There is no specific language we will use. Python is often a good choice, although some parts may be simpler in just Matlab/Octave. However, programming assignments will often (intentionally) not be as specific as in lower-level classes. This will partially simulate real-world settings where one is given a data set and asked to analyze it; in such settings even less direction is provided.
    For undergrads, the formal prerequisites are CS 3500 and CS 3190 (which has CS 3130 and Math 2270, or equivalant as pre/co-regs).
    For graduate students, there are no enforced pre-requisites. Still it may be useful to review early material in Mathematical Foundation for Data Analysis (e.g., Chapters 1,3 and first parts of 2,5,7).
    In the past, this class has had undergraduates, masters, and PhD students, including many from outside of Computer Science. Most (but not all) have kept up fine, and still most have been challenged. If you are unsure if the class is right for you, contact the instructor.

    For an example of what sort of mathematical material I expect you to be intimately familiar with, see chapters 1 and 3 in Mathematical Foundation for Data Analysis. Other relevant material from CS 3190 will be reviwed, but very rapidly.
    Schedule: (subject to change)
    Date Topic (+ Notes) Video Link Assignment (latex) Project
    Mon 1.06 Class Overview vid
    Wed 1.08 Statistics Principles (S) vid M4D 2.2-2.3 | MMDS 1.2 | FoDS 12.4
    Mon 1.13 Similarity : Jaccard + k-Grams (S) vid M4D 4.3-4.4 | MMDS 3.1 + 3.2 | FoDS 7.3
    Wed 1.15 Similarity : Min Hashing (S) VID M4D 4.6.6 | MMDS 3.3 Statistical Principles
    Mon 1.20
    Wed 1.22 Similarity : LSH (S) vid M4D 4.6 | MMDS 3.4 Proposal
    Mon 1.27 Similarity : Distances (S) vid M4D 4 - 4.3 | MMDS 3.5 + 7.1 | FoDS 8.1
    Wed 1.29 Similarity : Word Embed + ANN vs. LSH (S) vid M4D 4.4 | [Ethics Read] | MMDS 3.7 + 7.1.3 Document Hash
    Mon 2.03 Clustering : Hierarchical (S) vid M4D 8.5, 8.2 | MMDS 7.2 | FoDS 7.7
    Wed 2.05 Clustering : K-Means (S) vid M4D 8-8.3 | MMDS 7.3 | FoDS 7.2-3 LSH
    Mon 2.10 Clustering : Spectral (S) vid M4D 10.3 | MMDS 10.4 | FoDS 7.5
    Wed 2.12 Streaming : Model and Misra-Greis (S) vid M4D 11.1 - 11.2.2 | FoDS 6.2.3 | MMDS 6+4.3 | BF Analysis Data Collection Report
    Mon 2.17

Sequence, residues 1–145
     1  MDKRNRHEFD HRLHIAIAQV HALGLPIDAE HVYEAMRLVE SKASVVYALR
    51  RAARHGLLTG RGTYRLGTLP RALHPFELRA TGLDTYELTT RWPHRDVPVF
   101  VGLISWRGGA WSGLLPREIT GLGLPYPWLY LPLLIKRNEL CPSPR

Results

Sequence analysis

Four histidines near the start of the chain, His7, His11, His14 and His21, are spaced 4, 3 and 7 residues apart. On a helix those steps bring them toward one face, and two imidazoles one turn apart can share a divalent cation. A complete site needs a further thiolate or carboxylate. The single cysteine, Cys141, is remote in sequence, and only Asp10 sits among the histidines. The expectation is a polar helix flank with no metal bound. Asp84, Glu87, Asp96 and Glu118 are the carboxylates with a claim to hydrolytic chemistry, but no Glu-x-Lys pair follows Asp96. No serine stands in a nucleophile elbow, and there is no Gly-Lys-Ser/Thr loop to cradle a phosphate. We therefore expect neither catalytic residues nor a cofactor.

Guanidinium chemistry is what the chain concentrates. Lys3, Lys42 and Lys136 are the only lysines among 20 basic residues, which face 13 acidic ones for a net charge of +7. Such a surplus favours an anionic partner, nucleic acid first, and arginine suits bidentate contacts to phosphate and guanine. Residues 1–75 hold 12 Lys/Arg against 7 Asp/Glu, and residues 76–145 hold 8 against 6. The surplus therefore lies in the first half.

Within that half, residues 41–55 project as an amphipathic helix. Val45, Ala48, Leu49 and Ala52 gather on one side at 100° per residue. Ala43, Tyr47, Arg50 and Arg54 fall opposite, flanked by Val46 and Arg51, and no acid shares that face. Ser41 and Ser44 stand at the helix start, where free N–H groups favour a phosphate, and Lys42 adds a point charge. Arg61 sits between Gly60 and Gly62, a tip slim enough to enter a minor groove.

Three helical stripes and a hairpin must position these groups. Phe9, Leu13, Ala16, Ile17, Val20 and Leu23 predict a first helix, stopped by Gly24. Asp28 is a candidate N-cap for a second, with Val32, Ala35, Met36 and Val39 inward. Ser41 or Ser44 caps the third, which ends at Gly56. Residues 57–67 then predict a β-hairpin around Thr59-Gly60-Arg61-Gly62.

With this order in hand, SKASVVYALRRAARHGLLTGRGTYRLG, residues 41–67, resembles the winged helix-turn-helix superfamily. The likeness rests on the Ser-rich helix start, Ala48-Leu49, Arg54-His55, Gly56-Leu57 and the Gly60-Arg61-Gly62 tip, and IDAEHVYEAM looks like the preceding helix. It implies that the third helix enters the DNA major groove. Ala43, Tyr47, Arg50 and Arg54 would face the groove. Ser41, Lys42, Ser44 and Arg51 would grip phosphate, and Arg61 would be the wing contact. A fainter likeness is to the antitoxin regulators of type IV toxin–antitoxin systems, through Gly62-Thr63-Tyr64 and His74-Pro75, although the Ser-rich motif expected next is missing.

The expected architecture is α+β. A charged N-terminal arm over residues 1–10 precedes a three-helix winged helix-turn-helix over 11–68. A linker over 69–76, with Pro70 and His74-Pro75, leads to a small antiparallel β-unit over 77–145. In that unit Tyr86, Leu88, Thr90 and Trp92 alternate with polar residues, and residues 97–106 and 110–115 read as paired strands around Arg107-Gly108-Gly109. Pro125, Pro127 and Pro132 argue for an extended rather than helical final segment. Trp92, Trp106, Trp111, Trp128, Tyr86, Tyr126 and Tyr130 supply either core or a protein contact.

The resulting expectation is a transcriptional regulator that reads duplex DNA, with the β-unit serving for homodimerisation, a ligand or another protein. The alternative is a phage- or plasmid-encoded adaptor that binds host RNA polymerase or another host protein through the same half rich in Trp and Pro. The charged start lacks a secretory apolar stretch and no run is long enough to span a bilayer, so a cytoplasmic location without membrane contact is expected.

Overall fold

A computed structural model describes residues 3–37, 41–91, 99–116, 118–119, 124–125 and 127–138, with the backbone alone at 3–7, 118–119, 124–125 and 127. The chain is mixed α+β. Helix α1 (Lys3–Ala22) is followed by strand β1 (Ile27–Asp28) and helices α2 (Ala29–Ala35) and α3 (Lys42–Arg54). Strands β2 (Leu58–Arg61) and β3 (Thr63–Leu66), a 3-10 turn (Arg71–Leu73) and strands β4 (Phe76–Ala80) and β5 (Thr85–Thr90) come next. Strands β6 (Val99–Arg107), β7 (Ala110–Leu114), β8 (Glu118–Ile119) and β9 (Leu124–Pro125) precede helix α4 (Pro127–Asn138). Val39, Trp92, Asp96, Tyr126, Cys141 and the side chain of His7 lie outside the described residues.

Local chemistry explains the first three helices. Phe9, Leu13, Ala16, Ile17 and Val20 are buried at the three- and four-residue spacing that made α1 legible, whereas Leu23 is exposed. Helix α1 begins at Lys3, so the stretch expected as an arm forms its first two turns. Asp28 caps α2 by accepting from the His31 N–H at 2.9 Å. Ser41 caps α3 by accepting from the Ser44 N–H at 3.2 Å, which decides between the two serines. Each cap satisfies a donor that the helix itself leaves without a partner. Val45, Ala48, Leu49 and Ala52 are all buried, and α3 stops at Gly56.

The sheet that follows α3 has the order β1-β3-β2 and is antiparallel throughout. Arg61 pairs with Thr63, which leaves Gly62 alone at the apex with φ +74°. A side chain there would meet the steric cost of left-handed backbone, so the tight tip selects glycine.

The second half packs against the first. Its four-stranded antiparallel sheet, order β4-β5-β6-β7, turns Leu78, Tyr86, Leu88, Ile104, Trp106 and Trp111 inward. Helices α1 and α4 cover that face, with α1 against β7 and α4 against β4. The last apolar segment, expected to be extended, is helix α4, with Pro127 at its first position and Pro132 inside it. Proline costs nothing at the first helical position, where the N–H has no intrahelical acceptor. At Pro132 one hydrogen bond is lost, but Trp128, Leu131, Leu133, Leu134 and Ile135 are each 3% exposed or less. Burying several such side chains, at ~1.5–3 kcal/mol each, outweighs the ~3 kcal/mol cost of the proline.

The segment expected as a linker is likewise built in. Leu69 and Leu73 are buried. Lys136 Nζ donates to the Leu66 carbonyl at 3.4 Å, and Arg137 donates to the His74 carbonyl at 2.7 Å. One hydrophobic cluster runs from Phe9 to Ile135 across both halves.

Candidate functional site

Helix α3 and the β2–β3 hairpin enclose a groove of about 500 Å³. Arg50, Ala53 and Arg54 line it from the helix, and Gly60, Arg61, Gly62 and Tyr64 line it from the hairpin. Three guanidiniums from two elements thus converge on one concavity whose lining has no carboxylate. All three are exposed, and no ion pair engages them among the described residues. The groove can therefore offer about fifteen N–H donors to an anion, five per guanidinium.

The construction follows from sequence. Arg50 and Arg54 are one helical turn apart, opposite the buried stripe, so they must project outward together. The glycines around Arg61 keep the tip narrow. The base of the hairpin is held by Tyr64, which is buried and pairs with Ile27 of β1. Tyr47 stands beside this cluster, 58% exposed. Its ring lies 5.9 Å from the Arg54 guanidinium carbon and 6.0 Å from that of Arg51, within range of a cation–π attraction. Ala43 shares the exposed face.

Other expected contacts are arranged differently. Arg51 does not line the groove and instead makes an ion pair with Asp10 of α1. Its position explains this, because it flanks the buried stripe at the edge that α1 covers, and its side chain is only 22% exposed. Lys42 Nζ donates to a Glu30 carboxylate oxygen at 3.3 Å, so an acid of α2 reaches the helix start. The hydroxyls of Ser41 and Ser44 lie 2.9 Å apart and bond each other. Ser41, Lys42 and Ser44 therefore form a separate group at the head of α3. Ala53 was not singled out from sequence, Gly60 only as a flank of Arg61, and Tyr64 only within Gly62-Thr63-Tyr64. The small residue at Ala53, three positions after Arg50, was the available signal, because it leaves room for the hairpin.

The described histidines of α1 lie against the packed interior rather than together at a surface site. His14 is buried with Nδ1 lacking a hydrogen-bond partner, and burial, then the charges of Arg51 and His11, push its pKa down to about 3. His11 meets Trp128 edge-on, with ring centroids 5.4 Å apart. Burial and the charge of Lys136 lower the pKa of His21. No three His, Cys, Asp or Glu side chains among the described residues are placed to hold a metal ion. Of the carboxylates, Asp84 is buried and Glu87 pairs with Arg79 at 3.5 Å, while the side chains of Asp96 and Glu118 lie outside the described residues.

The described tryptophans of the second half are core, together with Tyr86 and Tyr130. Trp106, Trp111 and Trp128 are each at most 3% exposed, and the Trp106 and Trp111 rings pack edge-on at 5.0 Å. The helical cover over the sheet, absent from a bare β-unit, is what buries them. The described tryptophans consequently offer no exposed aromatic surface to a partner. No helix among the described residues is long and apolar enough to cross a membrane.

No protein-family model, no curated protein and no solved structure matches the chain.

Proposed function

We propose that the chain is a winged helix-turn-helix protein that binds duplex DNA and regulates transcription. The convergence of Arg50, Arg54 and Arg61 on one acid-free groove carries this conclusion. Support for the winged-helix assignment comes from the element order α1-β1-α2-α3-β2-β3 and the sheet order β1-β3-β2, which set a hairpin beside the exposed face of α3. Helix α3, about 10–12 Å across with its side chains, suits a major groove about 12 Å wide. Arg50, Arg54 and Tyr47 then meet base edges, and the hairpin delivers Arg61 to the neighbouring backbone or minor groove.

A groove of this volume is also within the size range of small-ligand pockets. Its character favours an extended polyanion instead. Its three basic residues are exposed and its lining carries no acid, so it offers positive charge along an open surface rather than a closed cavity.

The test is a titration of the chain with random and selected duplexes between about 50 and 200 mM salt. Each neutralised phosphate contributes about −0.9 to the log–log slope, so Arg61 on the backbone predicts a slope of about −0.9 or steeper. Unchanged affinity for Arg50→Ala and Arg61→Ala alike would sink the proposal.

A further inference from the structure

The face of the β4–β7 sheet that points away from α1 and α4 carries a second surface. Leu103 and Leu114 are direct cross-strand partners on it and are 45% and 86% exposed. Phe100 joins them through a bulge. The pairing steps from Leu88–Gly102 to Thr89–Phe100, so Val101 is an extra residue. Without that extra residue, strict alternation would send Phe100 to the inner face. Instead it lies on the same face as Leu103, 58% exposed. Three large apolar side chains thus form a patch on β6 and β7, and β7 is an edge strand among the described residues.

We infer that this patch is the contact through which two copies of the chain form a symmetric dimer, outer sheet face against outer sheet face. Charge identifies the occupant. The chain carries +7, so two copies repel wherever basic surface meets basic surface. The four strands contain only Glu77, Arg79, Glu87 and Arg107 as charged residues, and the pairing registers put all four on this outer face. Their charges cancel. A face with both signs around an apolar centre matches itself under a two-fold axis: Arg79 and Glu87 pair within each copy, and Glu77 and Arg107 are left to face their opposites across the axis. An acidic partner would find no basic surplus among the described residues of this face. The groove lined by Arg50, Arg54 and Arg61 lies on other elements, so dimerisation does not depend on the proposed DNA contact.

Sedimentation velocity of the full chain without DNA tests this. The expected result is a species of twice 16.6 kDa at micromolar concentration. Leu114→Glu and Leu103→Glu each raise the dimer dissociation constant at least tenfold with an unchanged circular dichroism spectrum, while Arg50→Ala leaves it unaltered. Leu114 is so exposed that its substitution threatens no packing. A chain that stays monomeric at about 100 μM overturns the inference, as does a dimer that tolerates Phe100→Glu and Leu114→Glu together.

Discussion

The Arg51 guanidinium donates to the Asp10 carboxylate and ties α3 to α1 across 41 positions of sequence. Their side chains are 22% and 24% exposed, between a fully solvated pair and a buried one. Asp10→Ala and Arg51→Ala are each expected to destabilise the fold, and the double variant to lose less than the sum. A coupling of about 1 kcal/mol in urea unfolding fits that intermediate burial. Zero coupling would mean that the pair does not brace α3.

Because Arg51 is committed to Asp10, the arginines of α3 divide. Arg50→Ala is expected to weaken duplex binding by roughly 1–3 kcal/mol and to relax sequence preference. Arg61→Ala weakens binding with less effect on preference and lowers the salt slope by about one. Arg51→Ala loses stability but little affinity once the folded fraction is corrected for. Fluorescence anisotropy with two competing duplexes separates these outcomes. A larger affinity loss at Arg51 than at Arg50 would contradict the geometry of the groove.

Wed 2.19 Streaming : Count-Min Sketch, Count Sketch. and Apriori (S) vid M4D 11.2.3-4 | FoDS 6.2.3 | MMDS 6+4.3 | BF Analysis Clustering
    Mon 2.24 Regression : Basics in 2-dimensions (S) vid M4D 5-5.3 | ESL 3.2 and 3.4
    Wed 2.26 Regression : Lasso + MP + Comp. Sensing (S) vid M4D 5.5 | FoDS 10.2 | Tropp + Gilbert Frequent
    Mon 3.02 Regression : Cross-Validation and p-values (S) vid [Ethics Read] | M4D 5.5 | ESL 3.8
    Wed 3.04
    Mon 3.09
    Wed 3.11
    Mon 3.16 Dim Reduce : SVD + PCA (S) vid M4D 7-7.3, 7.5 | FoDS 4 Intermediate Report
    Wed 3.18 Dim Reduce : more PCA, and Random Projections (S) vid M4D 7.10 | FoDS 2.9
    Mon 3.23 Dim Reduce : Matrix Sketching (S) vid M4D 11.3 | MMDS 9.4 | FoDS 2.7 + 7.2.2 | arXiv
    Wed 3.25 Dim Reduce : Metric Learning (S) vid M4D 7.6-7.8 | LDA Regression
    Mon 3.30 Noise : Noise in Data (S) vid M4D 8.6 | MMDS 9.1 | Tutorial
    Wed 4.01 Noise : Privacy (S) vid McSherry | Dwork Dim Reduce
    Mon 4.06 Graph Analysis : Markov Chains (S) vid M4D 10.1 | MMDS 10.1 + 5.1 | FoDS 5 | Weckesser
    Wed 4.08 Graph Analysis : PageRank (S) vid M4D 10.2 | MMDS 5.1 + 5.4
    Mon 4.13 Graph Analysis : MapReduce (S) vid MMDS 2 | Final Report
    Wed 4.15 Graph Analysis : Communities (S) vid M4D 10.4 | MMDS 10.2 + 5.5 | FoDS 8.8 + 3.4 Poster Outline
    Mon 4.20
    Wed 4.22 Graphs
    Fri 4.24 Poster Day !!! (3:30-5:30pm) Poster Presentation

    This course follows the SoC Guidelines

    Latex: I recommend using LaTex for writing up homeworks. It is something that everyone should know for research and writing scientific documents. This linked directory contains a sample .tex file, as well as what its .pdf compiled outcome looks like. It also has a figure .pdf to show how to include figures. Overleaf provides a simple free web interface.